Home > Invertebrates > Sponges

Updated 8/14/2016

Phylum Porifera, Sponges

Sponges are filter-feeders composed of flagellated cells reinforced by spongin fiber and (usually) tiny structural rods called spicules.  These spicules (or absence thereof) are used for species identification in the lab; field identification in person or by photograph is not especially reliable.  They may be soft and delicate or hard as rock.  Sponges are effective biological filters, extracting bacteria from the current, improving water quality.  Chemicals extracted from these bacteria are then utilized for defense from grazing organisms, and may contribute to the sponge's coloration.  Despite this, some fish and mollusks prey upon specific types of sponge.  Due to the sharp spicules and toxic chemicals, contact should be avoided.  Many species are found worldwide, carried from place to place on ship hulls or in ballast water.

 

HAWAII

Liosina paradoxa

Kewalo Pipe, Oahu, 50 feet

PARADOXICAL SPONGE

Locally common at scuba depths.  Attains height of 4 inches.  Hawai'i & the Indo-Pacific.

 

Leiodermatium sp.

Sharks Cove, Oahu, 25 feet

WAVY CAVE SPONGE

A rigid species common on cave ceilings.  Preyed upon by Fellow's Nudibranch.

 

Dysidea herbacea

Okoe Bay, Hawaii, 45 feet

BLUE DYSIDEA

Common on reefs exposed to surge.

Halichondria coerulea

Makai Pier, Waimanalo, Oahu, 6 feet

TURQUOISE TUBE SPONGE

Common in harbors.

 

Batzella sp.

Blowhole, Oahu, 20 feet

GREEN ENCRUSTING SPONGE

Occurs on cavern ceilings exposed to wave action.

 

Timea sp.

Blowhole, Oahu, 20 feet

ORANGE HYDROID SPONGE

Occurs on cavern ceilings exposed to wave action.  Embedded with tiny hydroid polyps.

 

Chondrosia chucalla

Makapu'u tidepool, Oahu



Blowhole, Oahu, 20 feet

MEANDERING SPONGE

A tough rubbery species common on reefs exposed to wave action.  Hawaii & the Indo-Pacific.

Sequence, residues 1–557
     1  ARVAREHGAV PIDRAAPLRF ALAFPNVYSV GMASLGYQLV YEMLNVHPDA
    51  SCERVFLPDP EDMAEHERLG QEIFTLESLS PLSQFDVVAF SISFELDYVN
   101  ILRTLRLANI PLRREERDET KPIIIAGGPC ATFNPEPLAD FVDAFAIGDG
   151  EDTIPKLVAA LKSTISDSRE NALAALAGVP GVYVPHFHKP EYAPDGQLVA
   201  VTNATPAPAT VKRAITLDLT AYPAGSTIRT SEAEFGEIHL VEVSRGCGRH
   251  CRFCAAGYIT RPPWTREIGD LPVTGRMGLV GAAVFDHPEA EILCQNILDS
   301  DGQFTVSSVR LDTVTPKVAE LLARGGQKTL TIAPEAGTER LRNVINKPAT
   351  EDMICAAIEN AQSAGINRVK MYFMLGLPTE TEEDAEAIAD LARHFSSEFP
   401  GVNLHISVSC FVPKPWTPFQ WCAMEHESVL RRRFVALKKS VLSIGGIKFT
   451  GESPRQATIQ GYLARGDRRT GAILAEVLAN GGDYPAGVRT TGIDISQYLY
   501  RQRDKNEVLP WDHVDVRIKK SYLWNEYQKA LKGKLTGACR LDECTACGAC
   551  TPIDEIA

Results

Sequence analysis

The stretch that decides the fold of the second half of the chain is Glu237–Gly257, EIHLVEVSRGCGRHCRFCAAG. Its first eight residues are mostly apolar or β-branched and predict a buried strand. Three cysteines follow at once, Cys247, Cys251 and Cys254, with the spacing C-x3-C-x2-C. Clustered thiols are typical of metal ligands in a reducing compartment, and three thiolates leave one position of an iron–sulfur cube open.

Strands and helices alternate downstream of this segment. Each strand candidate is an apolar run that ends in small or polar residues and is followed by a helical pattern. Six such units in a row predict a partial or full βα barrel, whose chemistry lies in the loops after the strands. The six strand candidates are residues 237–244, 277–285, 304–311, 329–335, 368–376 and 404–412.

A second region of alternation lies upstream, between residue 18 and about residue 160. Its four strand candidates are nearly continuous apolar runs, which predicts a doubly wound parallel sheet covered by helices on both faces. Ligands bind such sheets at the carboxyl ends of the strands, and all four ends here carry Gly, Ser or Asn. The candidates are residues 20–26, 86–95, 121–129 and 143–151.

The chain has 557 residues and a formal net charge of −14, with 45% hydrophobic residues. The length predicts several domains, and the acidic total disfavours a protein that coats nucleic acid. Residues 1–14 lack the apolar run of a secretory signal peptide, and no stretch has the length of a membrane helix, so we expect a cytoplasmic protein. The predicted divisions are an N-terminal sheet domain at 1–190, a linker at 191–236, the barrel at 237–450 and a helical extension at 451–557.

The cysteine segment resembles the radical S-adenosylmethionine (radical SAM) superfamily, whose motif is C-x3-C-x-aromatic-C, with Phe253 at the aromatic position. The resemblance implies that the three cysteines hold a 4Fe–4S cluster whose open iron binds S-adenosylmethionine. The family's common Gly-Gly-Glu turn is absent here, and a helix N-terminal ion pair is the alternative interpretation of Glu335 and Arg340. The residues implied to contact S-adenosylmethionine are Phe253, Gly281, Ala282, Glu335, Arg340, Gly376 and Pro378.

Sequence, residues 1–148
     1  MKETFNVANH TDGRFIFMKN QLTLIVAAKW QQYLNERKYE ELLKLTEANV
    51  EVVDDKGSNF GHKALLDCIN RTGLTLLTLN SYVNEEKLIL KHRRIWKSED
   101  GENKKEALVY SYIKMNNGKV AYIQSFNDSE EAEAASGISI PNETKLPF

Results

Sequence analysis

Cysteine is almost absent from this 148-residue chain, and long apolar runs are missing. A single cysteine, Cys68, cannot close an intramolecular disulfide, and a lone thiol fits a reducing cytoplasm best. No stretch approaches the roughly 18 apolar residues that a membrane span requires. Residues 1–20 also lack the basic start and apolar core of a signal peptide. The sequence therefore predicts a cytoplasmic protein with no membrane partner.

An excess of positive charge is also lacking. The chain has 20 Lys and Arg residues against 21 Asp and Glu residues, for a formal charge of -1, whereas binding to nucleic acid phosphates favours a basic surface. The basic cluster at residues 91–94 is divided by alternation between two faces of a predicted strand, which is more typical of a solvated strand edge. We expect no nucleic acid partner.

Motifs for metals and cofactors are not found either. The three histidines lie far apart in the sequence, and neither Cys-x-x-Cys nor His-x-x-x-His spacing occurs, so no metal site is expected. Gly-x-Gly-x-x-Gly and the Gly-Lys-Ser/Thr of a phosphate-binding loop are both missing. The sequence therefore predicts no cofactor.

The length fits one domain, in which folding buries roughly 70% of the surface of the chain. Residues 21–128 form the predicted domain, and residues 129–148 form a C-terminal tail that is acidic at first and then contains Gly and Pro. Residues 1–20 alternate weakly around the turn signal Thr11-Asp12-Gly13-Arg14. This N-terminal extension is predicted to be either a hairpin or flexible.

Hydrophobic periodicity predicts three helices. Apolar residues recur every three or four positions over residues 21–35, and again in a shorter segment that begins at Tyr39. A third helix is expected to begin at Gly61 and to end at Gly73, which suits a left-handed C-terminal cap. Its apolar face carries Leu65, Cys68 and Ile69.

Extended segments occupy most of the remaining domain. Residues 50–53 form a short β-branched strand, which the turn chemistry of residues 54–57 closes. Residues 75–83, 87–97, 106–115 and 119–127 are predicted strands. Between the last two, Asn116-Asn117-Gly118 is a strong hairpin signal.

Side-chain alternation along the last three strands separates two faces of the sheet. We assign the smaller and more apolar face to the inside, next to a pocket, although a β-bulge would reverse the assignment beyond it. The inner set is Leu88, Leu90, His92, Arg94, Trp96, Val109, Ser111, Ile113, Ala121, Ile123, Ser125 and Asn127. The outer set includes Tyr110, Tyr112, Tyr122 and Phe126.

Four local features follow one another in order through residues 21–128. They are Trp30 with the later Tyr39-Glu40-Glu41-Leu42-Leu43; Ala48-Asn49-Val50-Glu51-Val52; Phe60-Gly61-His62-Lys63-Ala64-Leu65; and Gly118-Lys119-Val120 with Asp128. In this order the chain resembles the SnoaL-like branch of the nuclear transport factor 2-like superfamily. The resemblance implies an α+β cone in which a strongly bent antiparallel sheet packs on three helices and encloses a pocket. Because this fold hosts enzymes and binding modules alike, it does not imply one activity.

Spirastrealla vagabunda

Kewalo, Oahu, Hawaii, 40 feet

Puako, Hawaii, 20 feet

VAGABOND BORING SPONGE

A common species that erodes calcareous rock using acid.  Hawaii & the Indo-Pacific. 

Leucetta spp.

Blowhole, Oahu, 20 feet

 

Makapu'u, Oahu, 20 feet



Sharks Cove, Oahu, 25 feet


Pupukea Firehouse, O'ahu, 20 feet

LEUCETTA

Common on cavern ceilings or under slabs exposed to surge.

Hyrtios sp.

Blowhole, Oahu, 20 feet

YELLOW HYRTIOS

Common on cavern ceilings exposed to surge.  Surface has prominent starburst-like ridges.

 

Dactylospongia sp.

Blowhole, Oahu, 20 feet

YELLOW HYRTIOS

Common on cavern ceilings exposed to surge.  Surface has prominent ridges with excurrent pores.

Phorbas sp.

Kewalo Pipe, Oahu, 50 feet

RED PHORBAS

Locally common on reefs.  Soft with gentle ridges between pores.

 

Suberites sp.

Lana'i Lookout, Oahu, 25 feet

BLUE SPONGE

Locally common on shaded vertical walls exposed to surge.

 

Spongia oceania

Makapu'u, Oahu, 20 feet

MASSIVE BLACK SPONGE

Locally common on hard reef exposed to heavy surge.  Preyed upon by the Blackmargin Nudibranch.

 

Assorted species

Blowhole, Oahu, 20 feet

 

Pearl & Hermes Reef lagoon, 30 feet

Mokuleia Bay, Maui, 20 feet

 

Blowhole, Oahu, 20 feet

Makapu'u tidepool, Oahu

 

Moku o Loe, Oahu, 6 feet

 

Firehouse, Oahu, 25 feet

 

Ft. Kamehameha, Oahu, 3 feet

 

Ft. Kamehameha, Oahu, 8 feet

 

 

 

Moku o Loe, Oahu, 5 feet

 

Sea Tiger Wreck, Oahu, 85 feet

 

Blowhole, Oahu, 25 feet

 

Cargo Pier, Midway Atoll, 6 feet

 

100-foot Hole, Waikiki, Oahu, 85 feet

 

Kewalo Hump, Oahu, 90 feet

 

Moku o Loe, Oahu, 4 feet

 

Sharks Cove, Oahu, 35 feet

 

Lana'i Lookout, Oahu, 20 feet

 



Rockpiles/Ala Moana, Oahu, 30 feet

Ala Wai harbor, Oahu, 3 feet

 



Makapu'u, Oahu, 120 feet

Sand Island, Oahu, 10 feet

  


INDO-PACIFIC

Dysidea sp.

 

Wakatobi, Indonesia

 


WESTERN ATLANTIC

Plakortis sp.

 

Amoray Resort, Key Largo, FL, 3 feet

Giant Barrel Sponge, Xestospongia muta

9-foot Stake, Key West, 25 feet